20 November 2018

Inside the Industry: Paving the way – how corporate investment is driving transport infrastructure projects across Europe

The message from the European Investment Bank to European governments is clear: either start prioritising investment in infrastructure, or Europe’s long-term economic prosperity and competitiveness will suffer.

 

In the decade since 2008’s global financial crisis battered the world’s economy, the investment recovery in Europe has continued, overall, to strengthen and become more broad-based. However, infrastructure investment still lags behind: a victim, in part, of the decline in government capital spending over the past 10 years. According to the European Investment Bank’s (EIB) 2017/18 report, “From Recovery to Sustainable Growth”, Europe’s roads, rail and bridges are the worst affected by the ongoing lack of investment. Government expenditure in infrastructure in Europe is at a historic, 20-year low – currently a mere 1.8 percent of European Union GDP, down from 2.2 percent in 2009. The general perception – underscored by several dramatic infrastructure failures over the past year – is that Europe isn’t performing the infrastructure modernisation and maintenance necessary to stay ahead of the demographic and technological transformations shaping European economies.

Across the EU, the EIB notes that government infrastructure investment saw the biggest declines in countries which already have the strongest quality gaps – thus further slowing down the convergence of infrastructure quality across the EU. Municipalities and other sub-national entities, which account for around 50 percent of infrastructure spending, cite fiscal constraints, the shortage of skilled workers and inadequate levels of administrative capacity as the main roadblocks to more investment and the implementation of infrastructure projects. Public resistance towards new infrastructure projects has also played an increasingly bigger role – examples include legal challenges and delays to the construction of new runways and terminals at hub airports including Heathrow and Munich airports, and lawsuits filed by coastal fishermen to block the deepening of the Elbe River at the Port of Hamburg.

 

Corporate investment as a growth engine

The way forward? In recent years, corporate infrastructure investment has staged a post-crisis comeback, and serves increasingly as a key driver of transport infrastructure development across the EU.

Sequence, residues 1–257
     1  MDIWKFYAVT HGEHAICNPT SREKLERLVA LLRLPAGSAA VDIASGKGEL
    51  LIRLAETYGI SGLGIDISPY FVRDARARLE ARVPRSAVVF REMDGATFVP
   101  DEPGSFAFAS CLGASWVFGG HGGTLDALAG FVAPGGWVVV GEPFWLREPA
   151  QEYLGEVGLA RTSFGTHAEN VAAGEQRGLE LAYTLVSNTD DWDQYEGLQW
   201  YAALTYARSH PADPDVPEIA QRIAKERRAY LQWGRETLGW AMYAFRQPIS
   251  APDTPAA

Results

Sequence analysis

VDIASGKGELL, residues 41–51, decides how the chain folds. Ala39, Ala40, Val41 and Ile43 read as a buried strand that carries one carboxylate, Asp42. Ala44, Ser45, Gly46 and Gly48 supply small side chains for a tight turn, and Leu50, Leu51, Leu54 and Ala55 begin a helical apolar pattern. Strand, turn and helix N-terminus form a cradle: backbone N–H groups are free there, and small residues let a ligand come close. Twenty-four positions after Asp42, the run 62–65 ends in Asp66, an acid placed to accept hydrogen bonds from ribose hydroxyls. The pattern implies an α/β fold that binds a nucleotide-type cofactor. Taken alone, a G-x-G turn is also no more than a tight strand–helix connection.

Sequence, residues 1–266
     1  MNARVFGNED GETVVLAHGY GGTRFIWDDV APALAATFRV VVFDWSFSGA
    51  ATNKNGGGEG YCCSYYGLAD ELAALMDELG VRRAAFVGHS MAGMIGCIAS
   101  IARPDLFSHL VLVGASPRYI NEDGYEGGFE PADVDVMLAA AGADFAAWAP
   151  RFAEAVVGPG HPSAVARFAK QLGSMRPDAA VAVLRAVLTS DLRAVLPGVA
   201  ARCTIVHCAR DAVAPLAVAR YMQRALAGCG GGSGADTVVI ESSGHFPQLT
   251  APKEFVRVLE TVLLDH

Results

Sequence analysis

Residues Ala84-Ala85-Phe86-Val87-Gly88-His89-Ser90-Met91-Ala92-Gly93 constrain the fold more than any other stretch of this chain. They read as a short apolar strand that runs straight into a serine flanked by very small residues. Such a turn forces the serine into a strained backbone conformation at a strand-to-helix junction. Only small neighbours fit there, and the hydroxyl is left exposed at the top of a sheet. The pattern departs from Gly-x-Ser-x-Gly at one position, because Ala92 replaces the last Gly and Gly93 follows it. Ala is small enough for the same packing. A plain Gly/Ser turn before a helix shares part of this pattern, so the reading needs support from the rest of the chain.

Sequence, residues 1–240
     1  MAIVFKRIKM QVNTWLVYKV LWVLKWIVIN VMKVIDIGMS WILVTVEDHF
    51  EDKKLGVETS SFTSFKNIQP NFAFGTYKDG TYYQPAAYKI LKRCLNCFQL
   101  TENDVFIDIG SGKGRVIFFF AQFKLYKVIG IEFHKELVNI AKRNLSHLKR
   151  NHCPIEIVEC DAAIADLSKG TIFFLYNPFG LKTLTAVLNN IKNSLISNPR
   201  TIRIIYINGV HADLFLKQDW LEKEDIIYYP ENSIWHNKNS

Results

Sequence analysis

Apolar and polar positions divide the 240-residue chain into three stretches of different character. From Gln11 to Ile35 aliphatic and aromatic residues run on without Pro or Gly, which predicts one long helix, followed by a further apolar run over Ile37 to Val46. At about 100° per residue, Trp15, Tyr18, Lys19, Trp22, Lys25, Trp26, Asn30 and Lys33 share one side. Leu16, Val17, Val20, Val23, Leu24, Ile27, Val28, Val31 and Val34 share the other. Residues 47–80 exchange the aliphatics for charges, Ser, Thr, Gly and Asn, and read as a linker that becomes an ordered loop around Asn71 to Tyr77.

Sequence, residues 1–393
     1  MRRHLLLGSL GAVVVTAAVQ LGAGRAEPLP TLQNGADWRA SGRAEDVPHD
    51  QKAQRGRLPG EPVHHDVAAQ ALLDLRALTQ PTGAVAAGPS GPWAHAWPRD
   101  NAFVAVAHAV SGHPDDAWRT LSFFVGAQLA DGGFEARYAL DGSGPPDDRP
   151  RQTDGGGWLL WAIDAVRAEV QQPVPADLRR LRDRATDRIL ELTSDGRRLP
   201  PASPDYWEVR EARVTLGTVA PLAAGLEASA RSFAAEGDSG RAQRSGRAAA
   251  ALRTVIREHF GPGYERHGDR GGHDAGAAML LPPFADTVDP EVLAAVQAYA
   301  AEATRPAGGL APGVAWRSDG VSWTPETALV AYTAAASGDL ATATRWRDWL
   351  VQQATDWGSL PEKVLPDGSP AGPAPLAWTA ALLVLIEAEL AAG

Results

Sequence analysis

Although Italy performs slightly better than the EU average in the timeliness of shipments and in terms of the completion of both the TEN-T Conventional Rail and Road Core Networks, its overall transport infrastructure ranks slightly below the EU average, according to the European Commission’s (EC) “EU Transport Scoreboard”. The EC notes that more development is needed, especially for the country’s high-speed rail network.

 

Source:https://ec.europa.eu/transport/facts-fundings/scoreboard/countries/italy/investments-infrastructure_en October 2018

 

In many cases, private industry is stepping in to fill the infrastructure gap, especially in the transport sector. To keep up with current growth and ensure capacity for future expansion, Contship has recently launched two new major infrastructure projects. The first is a 14 million EUR renovation and modernisation of its transhipment hub, Gioia Tauro Terminal in Calabria; the second is a 200 million EUR expansion of its flagship terminal in the Ligurian terminal of La Spezia, which features excellent intermodal links. In addition, Contship now offers daily rail connections between Gioia Tauro and its hub Melzo close to Milano, which enables cargo from the South to travel to numerous locations across the country and in adjacent areas.

At its flagship terminal in La Spezia, the Southern Gateway serving global markets from Liguria, Contship already offers a level of rail connectivity – 200 trains a week – that is three times the average for Italian ports. It also boasts some of the most modern intermodal infrastructure in the country: its capacity is 1.4 million TEU/year, and rail freight accounts for more than 30% of the overall throughput. Once the modernisation work has been completed, La Spezia will be able to throughput up to 2 million TEU per year, with a modal split of over 50 percent accommodated to rail. The terminal will be ready to handle 7,000 trains per year.

 

The road ahead

As Europe’s economy continues its post-crisis recovery, companies like Contship Italia are stepping in to fill the gaps in government infrastructure investment. Modernisation and expansion projects, including those in Gioia Tauro and La Spezia, will ensure that the Italian and European transport and logistics industries remain competitive at the global level – with world-class infrastructure and networks that are prepared to take advantage of future growth on the road ahead.

 

 

This article is part of CS WINdow, Contship Italia Group's quarterly newsletter, featuring insights on the global supply chain, with a focus on European intermodal logistics. You can subscribe to learn more:

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